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My vestibulectomy adventure

GADgirl

Hello! At the encouragement of Dr. Goldstein (known as Dr. G to everyone), I’ll be writing about my adventures of going through a vestibulectomy surgery. I don’t have a long background story to share because my search for a “cure” has been relatively short in comparison to many women. I was 28 when I got married about 3 1/2 years ago and both my husband and I were virgins. Sex was painful during our honeymoon week, but we thought it would get better with time. By Month 6 of marriage we were ready to start counseling because sex had become such an issue. I felt it was a physical issue with me, and my husband thought it was mental. Have you ever been told it’s all in your head, or that if you think it’ll hurt, then it will? Well, my husband was gentle with his words, but that was basically what he believed. And so did the doctors. “Everything looks fine, just give it time.” Yeah, that’s not really helpful. I really wanted to ask them if they thought they were being helpful but at the same time, I was scared of whatever the physical issue was and didn’t want to have to deal with it yet. Within the first 3 years of marriage I saw 3 gynecologists, 1 nurse practitioner specializing in OB/GYN, and my primary doctor. None could “see” anything wrong. The last gynecologist I saw performed a q-tip test and was able to pinpoint a specific area that I recognized as being the main source of pain during sex. She gave me a dilator to work with at home (to insert at various lengths until I was comfortable inserting the whole thing) and lidocaine gel to use prior to sex in hopes of numbing the area to decrease or eliminate the pain. I had no problem inserting the dilator and the lidocaine gel didn’t help. I let the doctor know the results and she referred me to Dr. Goldstein.

(Just as a side note, I had a severe reaction to the Nuva Ring about 9 months into marriage. The symptoms were all neurological and stumped 13 doctors until I found my current primary care physician, who is an OD (osteopathic doctor) specializing in Endocrinology. She tested for everything under the sun, trying to find the root cause (and not just mask the symptoms!) and finally told me to go off Nuva Ring to see what would happen. Every single test and procedure I had gone through with each doctor came back perfectly fine. I was literally the healthiest sick person for almost 1 1/2 years! Within a month of going off NR, I felt much better and continued to feel better as time went on. No more chemical birth control for me (chemicals are just bad anyway – why ingest them if you don’t have to)! So, had I not been sidetracked with that for well over a year, I hopefully would have been referred to Dr. G much sooner.)

During our initial phone appointment, Dr. G asked a million questions, listened well, and had a diagnosis by the time the call was finished. He said he would wait to tell us the diagnosis at our first in-person appointment. He emailed me a list of patient email addresses in case I wanted to contact any of them with questions. Most of them contacted me first and in doing so, I was able to figure out what Dr. G’s assumed diagnosis was for me and what the likely “fix” would be – a vestibulectomy. I think I just knew that I was going to have to have the surgery, but that didn’t keep me from freaking out about it. Dr. G will tell you how adamant I was at our first appointment about not having the surgery. That in-person appointment consisted of lots of education (I had no idea what a vestibule was until then!), pictures of others and my own anatomy, and tests that were not so comfortable. There wasn’t time for Dr. G to perform the nerve block, the last test. I was very nervous for the nerve block at my next appointment, and it was honestly worse than I thought it would be. Not to scare anyone who might have to have it done, but I don’t tend to sugar coat things. So if you have to have one, expect pain. After all, you’re getting injections in precisely the area that’s already causing you pain. The test is necessary, but it still sucks.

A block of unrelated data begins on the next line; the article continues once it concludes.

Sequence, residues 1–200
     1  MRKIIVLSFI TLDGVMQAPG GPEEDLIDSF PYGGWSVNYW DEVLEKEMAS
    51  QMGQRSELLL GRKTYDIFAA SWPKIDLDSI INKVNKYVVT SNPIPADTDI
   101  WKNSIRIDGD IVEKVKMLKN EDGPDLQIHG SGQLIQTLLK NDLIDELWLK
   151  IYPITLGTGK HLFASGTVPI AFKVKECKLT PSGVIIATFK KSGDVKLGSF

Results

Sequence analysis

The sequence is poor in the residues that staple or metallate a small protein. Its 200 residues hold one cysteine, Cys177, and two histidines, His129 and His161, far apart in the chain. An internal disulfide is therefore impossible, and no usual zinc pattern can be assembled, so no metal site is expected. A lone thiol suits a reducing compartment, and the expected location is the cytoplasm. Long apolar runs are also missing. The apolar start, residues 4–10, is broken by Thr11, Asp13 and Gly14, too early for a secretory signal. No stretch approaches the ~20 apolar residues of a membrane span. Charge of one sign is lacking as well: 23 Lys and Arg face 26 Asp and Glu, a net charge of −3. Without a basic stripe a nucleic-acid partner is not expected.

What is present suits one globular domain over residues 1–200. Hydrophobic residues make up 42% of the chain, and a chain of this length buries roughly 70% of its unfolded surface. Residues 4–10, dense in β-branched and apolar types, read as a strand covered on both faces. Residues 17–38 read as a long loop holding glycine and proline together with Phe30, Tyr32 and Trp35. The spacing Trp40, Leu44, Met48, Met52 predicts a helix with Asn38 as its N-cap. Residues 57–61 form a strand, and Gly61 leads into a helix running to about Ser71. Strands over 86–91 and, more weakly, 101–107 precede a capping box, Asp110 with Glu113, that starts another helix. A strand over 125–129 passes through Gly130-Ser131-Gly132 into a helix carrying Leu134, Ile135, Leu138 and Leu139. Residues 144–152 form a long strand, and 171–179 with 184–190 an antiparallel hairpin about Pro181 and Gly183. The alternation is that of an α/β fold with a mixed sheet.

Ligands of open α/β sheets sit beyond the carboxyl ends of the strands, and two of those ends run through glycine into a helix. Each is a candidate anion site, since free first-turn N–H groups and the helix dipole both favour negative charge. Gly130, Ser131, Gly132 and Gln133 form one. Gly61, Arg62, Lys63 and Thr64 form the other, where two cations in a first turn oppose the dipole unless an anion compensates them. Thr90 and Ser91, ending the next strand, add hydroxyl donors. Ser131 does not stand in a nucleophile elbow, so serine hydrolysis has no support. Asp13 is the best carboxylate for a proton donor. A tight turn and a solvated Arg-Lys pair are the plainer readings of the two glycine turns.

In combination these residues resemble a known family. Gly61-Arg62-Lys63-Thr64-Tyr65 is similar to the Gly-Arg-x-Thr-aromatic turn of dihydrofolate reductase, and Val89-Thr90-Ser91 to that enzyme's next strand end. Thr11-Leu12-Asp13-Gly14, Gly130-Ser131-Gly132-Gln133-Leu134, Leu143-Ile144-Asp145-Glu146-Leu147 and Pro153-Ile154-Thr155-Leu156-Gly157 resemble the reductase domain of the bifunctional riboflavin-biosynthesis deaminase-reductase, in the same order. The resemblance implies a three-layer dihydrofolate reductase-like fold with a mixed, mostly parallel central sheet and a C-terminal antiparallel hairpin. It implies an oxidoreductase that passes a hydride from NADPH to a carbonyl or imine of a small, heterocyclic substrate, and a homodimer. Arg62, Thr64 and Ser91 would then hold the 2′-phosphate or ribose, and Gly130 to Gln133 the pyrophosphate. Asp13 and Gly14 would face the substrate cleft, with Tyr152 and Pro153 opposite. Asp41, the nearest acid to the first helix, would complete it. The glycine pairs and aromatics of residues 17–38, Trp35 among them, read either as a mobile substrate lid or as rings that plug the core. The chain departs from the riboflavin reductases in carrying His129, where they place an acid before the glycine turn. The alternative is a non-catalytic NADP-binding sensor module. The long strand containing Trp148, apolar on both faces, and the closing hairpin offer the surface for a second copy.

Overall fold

After we got home, my husband and I did our “homework” of attempting sex, which was painless in the area that had always hurt before. I did have some discomfort deep inside, but after explaining it to Dr. G, he said it was most likely due to pelvic floor spasms. The nerve block was deemed a success and surgery was now an option. I’m not sure if this is common or not, but I had some discomfort in the vestibule area for close to 2 weeks after the nerve block. I also experienced a lot of itchiness, which I’d never experienced before, other than an occasional itch here or there. It was bothersome and around the time I was going to contact Dr. G about it, I started my period and the discomfort & itchiness disappeared. After the nerve block, my husband and I spent some time weighing our options and he graciously deferred the decision to me since whatever option we chose was going to “happen” to me. Although there are many non-surgical options, Dr. G felt the vestibulectomy was my best option. At the age of 32, with the thoughts of having kids swirling in my head (I don’t want to be an old mom!), I decided to have the surgery. Sooner rather than later, please, so I didn’t have to stress about it too long! Which brings me to my user name, GADgirl. I have GAD – Generalized Anxiety Disorder – which means I stress about everything :)